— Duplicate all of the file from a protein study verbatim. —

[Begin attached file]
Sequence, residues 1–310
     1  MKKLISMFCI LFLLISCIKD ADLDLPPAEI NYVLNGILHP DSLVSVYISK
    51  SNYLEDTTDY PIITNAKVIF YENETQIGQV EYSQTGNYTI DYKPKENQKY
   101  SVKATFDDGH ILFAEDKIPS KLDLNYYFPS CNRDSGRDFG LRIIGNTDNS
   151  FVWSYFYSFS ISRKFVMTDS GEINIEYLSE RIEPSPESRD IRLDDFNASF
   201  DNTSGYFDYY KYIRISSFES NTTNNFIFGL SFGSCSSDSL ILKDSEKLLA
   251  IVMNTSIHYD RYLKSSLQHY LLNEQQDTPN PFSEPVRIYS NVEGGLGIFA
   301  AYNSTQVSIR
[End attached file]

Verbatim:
Sequence, residues 1–310
     1  MKKLISMFCI LFLLISCIKD ADLDLPPAEI NYVLNGILHP DSLVSVYISK
    51  SNYLEDTTDY PIITNAKVIF YENETQIGQV EYSQTGNYTI DYKPKENQKY
   101  SVKATFDDGH ILFAEDKIPS KLDLNYYFPS CNRDSGRDFG LRIIGNTDNS
   151  FVWSYFYSFS ISRKFVMTDS GEINIEYLSE RIEPSPESRD IRLDDFNASF
   201  DNTSGYFDYY KYIRISSFES NTTNNFIFGL SFGSCSSDSL ILKDSEKLLA
   251  IVMNTSIHYD RYLKSSLQHY LLNEQQDTPN PFSEPVRIYS NVEGGLGIFA
   301  AYNSTQVSIR